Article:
Woe to those who make unjust laws,
To those who issue oppressive decrees,
To deprive the poor of their rights
And withhold justice from the oppressed of my people,
Making widows their prey
And robbing the fatherless.
-Isaiah 10: 1-2
All Roads Lead to Raleigh! Forward Together!
Join Andover Newton as we go to North Carolina to participate in the Moral March on Raleigh on Feb. 8, 2014. This trip, inspired by the recent visit of The Rev. Dr. William Barber in November, will take members of the Andover Newton community to participate in the yearly march.Read More »
9:00 am - 3:00 pm
Location: Davis Hall 201
Discord at the Dinner Table: When Christians Disagree About Basic Justice Issues
Dr. Maria Teresa Dávila, Assistant Professor of Christian Ethics
The Moral Mondays movement grounds its rationale and momentum on the biblical witness that declares that justice in the nation is judged according to its treatment of “the widow, the orphan, and the stranger.” For the Christian faith, every state and government is charged with insuring the just distribution of the common good of the land to all its members. And yet, not all Christians interpret the biblical witness in the same way.
This teach-in and discussion, held in conjunction with the Moral March on Raleigh, will try to discuss this tension, by identifying some of the following:
- What are some of the hard discussions you have had (or you think might come up) as a result of your participation in the Moral Mondays movement?
- What is the role of protest to the health of a democracy?
- What are some of the questions people ask about social activism and the Christian faith?
- Where do these questions come from?
- How do I engage other faithful in my family and/or community who do not agree with the goals of the Moral Mondays movement?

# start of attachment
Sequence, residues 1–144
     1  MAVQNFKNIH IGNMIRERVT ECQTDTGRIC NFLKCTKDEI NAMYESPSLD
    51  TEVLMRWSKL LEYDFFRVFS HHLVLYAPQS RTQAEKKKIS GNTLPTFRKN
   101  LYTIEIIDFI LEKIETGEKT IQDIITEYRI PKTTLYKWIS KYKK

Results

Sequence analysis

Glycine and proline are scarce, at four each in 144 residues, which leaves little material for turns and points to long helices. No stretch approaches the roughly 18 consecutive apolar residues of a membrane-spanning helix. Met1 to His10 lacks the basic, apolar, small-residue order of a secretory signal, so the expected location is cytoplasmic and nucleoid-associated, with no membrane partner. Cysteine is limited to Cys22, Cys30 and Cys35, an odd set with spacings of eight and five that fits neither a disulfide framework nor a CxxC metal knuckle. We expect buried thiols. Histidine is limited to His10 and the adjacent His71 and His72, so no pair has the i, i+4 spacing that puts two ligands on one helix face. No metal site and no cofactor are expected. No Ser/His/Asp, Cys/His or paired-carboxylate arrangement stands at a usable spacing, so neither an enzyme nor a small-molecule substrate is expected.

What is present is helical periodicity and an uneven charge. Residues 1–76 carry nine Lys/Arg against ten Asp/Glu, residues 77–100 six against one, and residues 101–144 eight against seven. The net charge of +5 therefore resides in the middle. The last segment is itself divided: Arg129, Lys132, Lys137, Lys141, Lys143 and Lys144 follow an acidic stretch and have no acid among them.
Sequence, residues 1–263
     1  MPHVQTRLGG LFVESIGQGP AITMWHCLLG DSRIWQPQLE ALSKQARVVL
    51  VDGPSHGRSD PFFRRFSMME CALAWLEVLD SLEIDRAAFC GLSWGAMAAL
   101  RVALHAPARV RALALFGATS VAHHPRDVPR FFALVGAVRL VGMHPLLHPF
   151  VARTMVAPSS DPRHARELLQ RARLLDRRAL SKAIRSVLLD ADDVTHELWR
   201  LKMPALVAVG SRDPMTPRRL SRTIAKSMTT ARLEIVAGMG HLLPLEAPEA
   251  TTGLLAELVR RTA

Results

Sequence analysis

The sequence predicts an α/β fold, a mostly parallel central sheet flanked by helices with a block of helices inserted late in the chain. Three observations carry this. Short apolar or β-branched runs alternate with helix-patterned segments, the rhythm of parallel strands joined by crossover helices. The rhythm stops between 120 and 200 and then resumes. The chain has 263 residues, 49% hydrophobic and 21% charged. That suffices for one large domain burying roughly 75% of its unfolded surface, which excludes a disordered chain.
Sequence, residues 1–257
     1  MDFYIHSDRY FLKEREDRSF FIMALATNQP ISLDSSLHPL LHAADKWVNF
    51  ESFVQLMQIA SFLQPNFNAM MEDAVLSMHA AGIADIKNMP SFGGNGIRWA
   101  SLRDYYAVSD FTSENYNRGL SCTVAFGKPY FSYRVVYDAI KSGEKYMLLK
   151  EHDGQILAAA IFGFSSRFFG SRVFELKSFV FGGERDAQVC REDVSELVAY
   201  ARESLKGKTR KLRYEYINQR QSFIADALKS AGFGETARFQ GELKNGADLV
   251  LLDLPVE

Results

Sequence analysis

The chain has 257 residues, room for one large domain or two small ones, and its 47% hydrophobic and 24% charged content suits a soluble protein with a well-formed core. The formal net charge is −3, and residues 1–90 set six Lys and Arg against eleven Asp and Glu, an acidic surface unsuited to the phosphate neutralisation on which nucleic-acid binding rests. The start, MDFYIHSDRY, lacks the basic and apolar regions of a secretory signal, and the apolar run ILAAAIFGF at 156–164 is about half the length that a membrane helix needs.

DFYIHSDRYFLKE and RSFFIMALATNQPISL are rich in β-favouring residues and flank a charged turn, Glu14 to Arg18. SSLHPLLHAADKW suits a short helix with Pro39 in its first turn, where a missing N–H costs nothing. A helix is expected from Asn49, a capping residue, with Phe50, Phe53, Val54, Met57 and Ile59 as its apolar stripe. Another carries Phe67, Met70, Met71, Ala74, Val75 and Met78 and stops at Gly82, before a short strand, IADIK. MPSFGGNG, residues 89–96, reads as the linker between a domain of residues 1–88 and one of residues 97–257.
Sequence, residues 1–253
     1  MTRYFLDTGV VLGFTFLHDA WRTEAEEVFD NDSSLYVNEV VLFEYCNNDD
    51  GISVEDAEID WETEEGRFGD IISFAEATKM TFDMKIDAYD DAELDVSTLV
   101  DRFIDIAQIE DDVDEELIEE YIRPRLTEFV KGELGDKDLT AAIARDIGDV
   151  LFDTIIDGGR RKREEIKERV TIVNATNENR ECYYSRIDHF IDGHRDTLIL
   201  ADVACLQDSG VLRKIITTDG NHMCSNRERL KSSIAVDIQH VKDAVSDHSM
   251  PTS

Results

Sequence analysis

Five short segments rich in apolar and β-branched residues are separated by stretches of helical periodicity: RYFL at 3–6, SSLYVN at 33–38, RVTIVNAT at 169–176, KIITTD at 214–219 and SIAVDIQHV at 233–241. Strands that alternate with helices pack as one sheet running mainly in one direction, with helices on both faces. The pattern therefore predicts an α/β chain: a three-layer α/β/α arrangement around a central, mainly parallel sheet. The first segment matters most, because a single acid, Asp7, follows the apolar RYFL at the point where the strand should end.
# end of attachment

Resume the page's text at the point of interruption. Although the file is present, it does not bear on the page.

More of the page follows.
- How do we encourage and engage in activism for conversation, cooperation, reconciliation, and change, rather than for alienation and discord?
About the Instructor
M.T. Dávila, Assistant Professor of Christian ethics, is a lay woman in the Roman Catholic tradition. She completed her doctorate at Boston College with a dissertation titled “A Liberation Ethic for the One Third World: The Preferential Option for the Poor and Challenges to Middle-Class Christianity in the United States.” She received her bachelors degree from Brown University and her master in theological studies at the Boston University School of Theology. Her main interests are the intersections of class identity formation and Christian ethics in the U.S. context. Her research looks for the intersection of these issues with respect to the relationship of class and militarism, class and immigration, and class and activism. She is currently undertaking a study of leaders of communities of faith, peace and justice practitioners, and others to examine the relationship between different understandings of discipleship and activism/public witness/faith in action.
Professor Dávila has also published articles and contributions on immigration, the use of force and just war theory, the theology of creation of Paul Tillich, Latina/o Theology, Christianity and U.S. civil society, and the role of the social sciences in Christian ethics. Her academic papers and presentations include discussions of feminist activism in the classroom, Catholic social teaching and the option for the poor, immigration and a sojourner identity, public religion and Christian identity, and race, class, and Christian discipleship in the United States.
Professor Dávila lives in Malden with her family, her husband Rob and four children. She is a member of St. Joseph’s Church, a Roman Catholic parish in Malden.